Lung macrophages are critical for initiating the innate immune response to microbial and environmental stimuli, resolving acute inflammation, and promoting repair following injury. Persistent or dysregulated macrophage activation plays an important role in the pathogenesis of multiple lung diseases;however, studying the phenotype of the pleiotropic macrophage population in human lung disease is complicated by the invasive methods currently required to obtain sufficient quantities of cells. Development of new methodologies to non- invasively identify activated macrophages could facilitate improved understanding and treatment options for inflammatory lung diseases. A subset of macrophages at sites of inflammation expresses high levels of the folate receptor ? (FR?). Our preliminary data in mice demonstrate that FR? is not expressed in normal, quiescent lungs but is up-regulated specifically in a subset of macrophages after intratracheal or systemic treatment with E. coli lipopolysaccharide (LPS). We also identified FR? expression in lung macrophages in mouse models of bronchopulmonary dysplasia (BPD), lung fibrosis, and chronic pulmonary obstructive disease (COPD). Further, we found that lung macrophages from humans with COPD, idiopathic pulmonary fibrosis (IPF), and BPD express FR?, whereas expression in healthy human macrophages is minimal. Based on expression of this receptor, we have found that we can image activated macrophages in mouse lungs using a folate derivative conjugated with a fluorescent probe. In this proposal, we hypothesize that developing molecular imaging techniques to identify functional subsets of activated macrophages will advance understanding of inflammatory lung diseases and could lead to novel, macrophage-targeted therapies. Although our preliminary studies have employed optical imaging techniques, for applicability to humans we plan to develop positron emission tomography (PET) techniques to image activated lung macrophages.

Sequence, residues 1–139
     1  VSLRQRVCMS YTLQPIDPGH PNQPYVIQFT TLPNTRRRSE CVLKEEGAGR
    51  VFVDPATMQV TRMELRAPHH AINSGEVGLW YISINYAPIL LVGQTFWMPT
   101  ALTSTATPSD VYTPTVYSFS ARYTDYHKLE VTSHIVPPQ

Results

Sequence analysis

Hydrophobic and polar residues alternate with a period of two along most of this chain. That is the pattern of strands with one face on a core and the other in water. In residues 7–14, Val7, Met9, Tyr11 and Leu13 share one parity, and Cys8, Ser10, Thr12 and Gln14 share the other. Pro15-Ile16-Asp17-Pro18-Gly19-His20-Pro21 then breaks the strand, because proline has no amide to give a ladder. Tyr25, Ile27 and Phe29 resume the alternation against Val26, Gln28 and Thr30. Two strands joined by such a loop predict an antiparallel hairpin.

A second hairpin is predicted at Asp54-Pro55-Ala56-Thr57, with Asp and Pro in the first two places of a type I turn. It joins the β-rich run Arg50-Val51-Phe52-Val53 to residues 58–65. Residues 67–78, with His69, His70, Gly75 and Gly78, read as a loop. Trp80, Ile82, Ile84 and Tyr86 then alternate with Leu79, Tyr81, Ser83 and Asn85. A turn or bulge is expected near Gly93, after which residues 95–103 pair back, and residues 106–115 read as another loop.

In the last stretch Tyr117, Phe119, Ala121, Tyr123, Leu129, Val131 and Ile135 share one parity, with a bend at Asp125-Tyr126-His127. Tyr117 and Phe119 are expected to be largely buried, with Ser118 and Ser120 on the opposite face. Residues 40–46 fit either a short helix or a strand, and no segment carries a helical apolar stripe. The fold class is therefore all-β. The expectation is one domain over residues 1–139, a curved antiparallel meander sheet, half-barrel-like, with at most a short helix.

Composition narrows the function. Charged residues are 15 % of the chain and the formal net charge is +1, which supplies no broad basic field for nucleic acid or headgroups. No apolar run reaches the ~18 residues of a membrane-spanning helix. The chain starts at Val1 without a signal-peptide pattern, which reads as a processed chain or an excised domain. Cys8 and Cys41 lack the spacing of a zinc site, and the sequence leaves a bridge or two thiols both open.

Specific aims are to: 1) identify and characterize specific cell-surface markers present on activated lung macrophages, 2) validate pre-clinical imaging approaches to visualize macrophage activation in vivo, and 3) develop PET-based strategies for imaging activated lung macrophages in vivo. Together, these studies will optimize imaging probes based on FR? expression and explore new imaging targets present on the surface of activated macrophages. These new strategies can then be applied to the study of inflammatory lung diseases in humans.
Lung macrophages are key players in the pathogenesis of inflammatory lung diseases. Imaging activated macrophages using a non-invasive approach would allow frequent monitoring of disease progression and treatment response. In addition, new methodologies to identify activated macrophages could be developed as a platform for macrophage-targeted therapies. Thus, new imaging strategies could advance our understanding and eventually treatment of both pediatric and adult lung disease.
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